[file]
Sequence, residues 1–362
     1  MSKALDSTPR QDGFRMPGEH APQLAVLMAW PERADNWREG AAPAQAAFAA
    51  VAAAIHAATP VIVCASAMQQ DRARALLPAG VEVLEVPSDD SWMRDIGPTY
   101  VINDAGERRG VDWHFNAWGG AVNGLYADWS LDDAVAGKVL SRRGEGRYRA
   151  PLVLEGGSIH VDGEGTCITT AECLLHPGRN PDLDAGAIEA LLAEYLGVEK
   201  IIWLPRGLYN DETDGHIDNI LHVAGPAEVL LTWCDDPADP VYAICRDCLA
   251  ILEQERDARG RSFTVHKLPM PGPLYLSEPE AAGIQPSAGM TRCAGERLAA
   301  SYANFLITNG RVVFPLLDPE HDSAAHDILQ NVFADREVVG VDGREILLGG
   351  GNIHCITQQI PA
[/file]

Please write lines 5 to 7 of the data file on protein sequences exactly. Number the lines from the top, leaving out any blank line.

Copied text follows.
   151  PLVLEGGSIH VDGEGTCITT AECLLHPGRN PDLDAGAIEA LLAEYLGVEK
   201  IIWLPRGLYN DETDGHIDNI LHVAGPAEVL LTWCDDPADP VYAICRDCLA
   251  ILEQERDARG RSFTVHKLPM PGPLYLSEPE AAGIQPSAGM TRCAGERLAA